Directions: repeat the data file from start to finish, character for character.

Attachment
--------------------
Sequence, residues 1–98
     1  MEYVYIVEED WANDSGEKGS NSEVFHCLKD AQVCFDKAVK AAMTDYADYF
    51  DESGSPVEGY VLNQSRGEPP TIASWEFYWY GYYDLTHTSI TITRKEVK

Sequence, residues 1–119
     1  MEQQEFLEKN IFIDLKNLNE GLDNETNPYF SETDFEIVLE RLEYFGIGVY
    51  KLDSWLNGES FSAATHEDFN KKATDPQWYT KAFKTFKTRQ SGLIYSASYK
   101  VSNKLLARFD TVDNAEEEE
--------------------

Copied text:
Sequence, residues 1–98
     1  MEYVYIVEED WANDSGEKGS NSEVFHCLKD AQVCFDKAVK AAMTDYADYF
    51  DESGSPVEGY VLNQSRGEPP TIASWEFYWY GYYDLTHTSI TITRKEVK

Sequence, residues 1–119
     1  MEQQEFLEKN IFIDLKNLNE GLDNETNPYF SETDFEIVLE RLEYFGIGVY
    51  KLDSWLNGES FSAATHEDFN KKATDPQWYT KAFKTFKTRQ SGLIYSASYK
   101  VSNKLLARFD TVDNAEEEE